Prodigals wrote:...MP had it right when he said you (and in an expanded meaning “the modern secular world”) are trying to convince us that God is not necessary for a civil society to successfully co-exist, while we firmly believe that without God this cannot be accomplished. The history of man shows that it has never been successfully done. This is what we believe and no one is going to convince us otherwise.
Now perhaps I'm being naïve or idealistic... I can't speak for "the modern secular world" as if it was a specific entity that can be represented in one way. I'll speak for myself and trust that, if I think it, many others will as well! I hope it's clear that personally AND in my description of secularism I'm not trying to convince you of anything. Naturally I personally think that we can get along without God but that's clearly very different from an attempt to persuade you otherwise. My view of an effective (if not perfect or 'pure') secular state is one that supports freedom of belief and does not persuade, cajole or attempt to convince people to change sides!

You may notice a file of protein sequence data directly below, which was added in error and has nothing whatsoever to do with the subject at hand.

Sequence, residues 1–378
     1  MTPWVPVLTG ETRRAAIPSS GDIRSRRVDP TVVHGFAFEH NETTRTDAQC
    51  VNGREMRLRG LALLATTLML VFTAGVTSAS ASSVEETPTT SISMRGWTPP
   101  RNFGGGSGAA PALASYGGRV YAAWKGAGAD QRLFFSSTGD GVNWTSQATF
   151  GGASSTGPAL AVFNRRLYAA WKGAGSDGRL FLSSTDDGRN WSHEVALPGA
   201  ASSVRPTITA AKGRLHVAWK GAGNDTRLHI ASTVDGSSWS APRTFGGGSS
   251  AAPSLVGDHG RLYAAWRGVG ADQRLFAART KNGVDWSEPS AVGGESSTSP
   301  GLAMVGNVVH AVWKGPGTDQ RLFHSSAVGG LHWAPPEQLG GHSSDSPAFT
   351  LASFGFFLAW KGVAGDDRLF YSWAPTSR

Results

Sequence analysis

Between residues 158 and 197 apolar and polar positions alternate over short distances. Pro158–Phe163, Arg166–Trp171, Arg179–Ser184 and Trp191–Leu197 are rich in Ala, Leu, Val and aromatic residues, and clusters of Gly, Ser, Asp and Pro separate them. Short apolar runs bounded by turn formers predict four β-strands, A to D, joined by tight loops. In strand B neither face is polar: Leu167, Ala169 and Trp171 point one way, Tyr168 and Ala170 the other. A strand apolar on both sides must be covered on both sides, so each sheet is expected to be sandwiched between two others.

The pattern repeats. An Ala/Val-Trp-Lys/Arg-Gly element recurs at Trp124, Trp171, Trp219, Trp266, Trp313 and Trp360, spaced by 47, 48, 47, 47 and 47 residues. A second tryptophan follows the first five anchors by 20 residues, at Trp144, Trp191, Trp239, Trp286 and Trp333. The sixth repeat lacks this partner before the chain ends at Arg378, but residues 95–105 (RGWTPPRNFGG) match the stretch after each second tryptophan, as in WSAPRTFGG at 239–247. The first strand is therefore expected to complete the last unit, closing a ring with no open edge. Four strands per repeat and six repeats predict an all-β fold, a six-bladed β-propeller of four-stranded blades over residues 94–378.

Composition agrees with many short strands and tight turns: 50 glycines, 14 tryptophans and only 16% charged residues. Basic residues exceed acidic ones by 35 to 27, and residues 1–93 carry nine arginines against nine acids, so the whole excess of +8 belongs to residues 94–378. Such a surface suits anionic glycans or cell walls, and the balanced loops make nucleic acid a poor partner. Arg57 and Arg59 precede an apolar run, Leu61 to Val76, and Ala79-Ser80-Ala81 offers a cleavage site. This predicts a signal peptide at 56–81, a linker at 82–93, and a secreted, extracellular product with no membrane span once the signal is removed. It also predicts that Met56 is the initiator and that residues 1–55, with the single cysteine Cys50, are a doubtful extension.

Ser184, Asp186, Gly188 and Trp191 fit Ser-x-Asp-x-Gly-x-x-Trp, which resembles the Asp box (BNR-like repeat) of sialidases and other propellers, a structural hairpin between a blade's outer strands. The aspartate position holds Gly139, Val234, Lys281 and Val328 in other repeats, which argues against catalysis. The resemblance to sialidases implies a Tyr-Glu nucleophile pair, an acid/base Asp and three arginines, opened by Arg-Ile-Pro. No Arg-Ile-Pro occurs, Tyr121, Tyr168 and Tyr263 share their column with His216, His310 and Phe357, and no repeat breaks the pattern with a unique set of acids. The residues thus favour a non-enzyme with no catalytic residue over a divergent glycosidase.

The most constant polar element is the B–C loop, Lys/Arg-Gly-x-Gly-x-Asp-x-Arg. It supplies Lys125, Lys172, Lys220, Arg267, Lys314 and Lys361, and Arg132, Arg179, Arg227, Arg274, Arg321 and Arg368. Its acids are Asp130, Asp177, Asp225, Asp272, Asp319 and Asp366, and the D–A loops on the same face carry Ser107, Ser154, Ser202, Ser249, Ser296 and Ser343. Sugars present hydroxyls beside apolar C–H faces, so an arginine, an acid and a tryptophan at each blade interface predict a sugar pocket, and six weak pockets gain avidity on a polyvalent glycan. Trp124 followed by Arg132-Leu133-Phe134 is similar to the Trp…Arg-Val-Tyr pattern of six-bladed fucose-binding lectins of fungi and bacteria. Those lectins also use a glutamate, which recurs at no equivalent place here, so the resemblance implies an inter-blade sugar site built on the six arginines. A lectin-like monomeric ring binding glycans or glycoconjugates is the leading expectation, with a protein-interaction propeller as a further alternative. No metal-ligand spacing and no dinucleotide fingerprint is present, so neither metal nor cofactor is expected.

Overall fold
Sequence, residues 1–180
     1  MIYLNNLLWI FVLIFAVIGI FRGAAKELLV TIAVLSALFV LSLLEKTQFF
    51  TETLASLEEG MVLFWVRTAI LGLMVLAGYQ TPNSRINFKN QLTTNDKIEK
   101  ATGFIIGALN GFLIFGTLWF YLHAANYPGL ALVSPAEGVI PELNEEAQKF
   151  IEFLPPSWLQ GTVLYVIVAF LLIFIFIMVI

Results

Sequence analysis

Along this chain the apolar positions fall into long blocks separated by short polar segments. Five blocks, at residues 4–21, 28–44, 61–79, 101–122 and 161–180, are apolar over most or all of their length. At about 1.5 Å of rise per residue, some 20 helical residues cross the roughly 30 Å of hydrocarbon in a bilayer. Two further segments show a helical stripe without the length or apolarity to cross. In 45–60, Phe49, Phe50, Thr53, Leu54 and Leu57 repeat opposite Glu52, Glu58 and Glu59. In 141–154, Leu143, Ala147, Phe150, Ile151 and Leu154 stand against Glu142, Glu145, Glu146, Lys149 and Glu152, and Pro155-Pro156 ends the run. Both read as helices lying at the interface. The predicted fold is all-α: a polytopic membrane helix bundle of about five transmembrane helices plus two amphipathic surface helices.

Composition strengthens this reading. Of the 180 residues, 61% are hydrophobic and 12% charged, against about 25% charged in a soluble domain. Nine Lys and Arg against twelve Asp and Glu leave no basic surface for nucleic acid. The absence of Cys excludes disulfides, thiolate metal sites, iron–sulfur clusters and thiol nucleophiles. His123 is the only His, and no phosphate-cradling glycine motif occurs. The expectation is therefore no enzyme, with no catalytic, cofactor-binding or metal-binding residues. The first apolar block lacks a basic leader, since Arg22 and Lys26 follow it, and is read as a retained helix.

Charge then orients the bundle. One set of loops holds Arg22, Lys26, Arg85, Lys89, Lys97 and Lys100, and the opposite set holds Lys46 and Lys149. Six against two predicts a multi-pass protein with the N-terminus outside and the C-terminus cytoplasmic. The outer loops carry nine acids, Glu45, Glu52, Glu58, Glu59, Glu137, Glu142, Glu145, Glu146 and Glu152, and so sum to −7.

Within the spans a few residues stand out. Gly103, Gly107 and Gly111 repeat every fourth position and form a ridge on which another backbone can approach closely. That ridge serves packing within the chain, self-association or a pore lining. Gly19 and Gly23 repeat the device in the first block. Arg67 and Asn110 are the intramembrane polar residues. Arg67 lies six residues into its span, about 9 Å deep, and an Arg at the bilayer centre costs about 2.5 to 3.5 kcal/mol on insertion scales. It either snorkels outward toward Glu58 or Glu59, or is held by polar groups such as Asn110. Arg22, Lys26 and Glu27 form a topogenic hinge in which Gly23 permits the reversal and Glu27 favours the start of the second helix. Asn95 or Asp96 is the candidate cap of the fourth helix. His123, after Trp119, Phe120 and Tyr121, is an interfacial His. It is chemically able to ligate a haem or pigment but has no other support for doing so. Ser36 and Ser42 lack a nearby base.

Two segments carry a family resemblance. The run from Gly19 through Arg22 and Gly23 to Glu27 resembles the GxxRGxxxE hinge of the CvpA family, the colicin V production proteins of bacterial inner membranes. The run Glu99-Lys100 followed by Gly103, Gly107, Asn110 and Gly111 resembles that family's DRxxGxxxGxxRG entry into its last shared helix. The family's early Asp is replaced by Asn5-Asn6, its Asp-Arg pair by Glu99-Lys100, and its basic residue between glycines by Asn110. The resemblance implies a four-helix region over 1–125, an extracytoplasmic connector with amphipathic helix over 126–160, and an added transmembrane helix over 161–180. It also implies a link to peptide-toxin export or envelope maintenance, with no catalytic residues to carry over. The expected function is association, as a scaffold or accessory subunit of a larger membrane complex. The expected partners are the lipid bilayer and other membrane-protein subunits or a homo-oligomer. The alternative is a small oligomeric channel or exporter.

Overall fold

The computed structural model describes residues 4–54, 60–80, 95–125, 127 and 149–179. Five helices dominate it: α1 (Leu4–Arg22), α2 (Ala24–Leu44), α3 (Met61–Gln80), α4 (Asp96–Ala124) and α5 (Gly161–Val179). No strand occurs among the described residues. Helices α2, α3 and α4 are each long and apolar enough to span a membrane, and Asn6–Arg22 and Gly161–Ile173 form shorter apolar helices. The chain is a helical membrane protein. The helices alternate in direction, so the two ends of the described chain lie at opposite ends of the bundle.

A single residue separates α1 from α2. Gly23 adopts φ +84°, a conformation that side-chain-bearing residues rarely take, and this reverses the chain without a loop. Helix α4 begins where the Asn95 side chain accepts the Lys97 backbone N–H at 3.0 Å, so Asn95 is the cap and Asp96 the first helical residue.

Prodigals wrote:Maryh’s posts nicely go into that – abortion and relaxed rules and regulations of our faith, etc. And so, we are seen as intransigent, archaic, inflexible, obstinate, and stiff-necked.
Yes, this is the crux of the difficulty and why man has struggled to live peacefully. The issue here, as I see it, is not whether you can agree, as Catholics, to live according to your values (i.e. observing all the sacraments, not getting divorced, not sanctioning abortion etc etc) but whether you can tolerate your neighbour living his life lawfully but according to different values & principles? Notwithstanding your rights as individuals in the formation of those civil laws.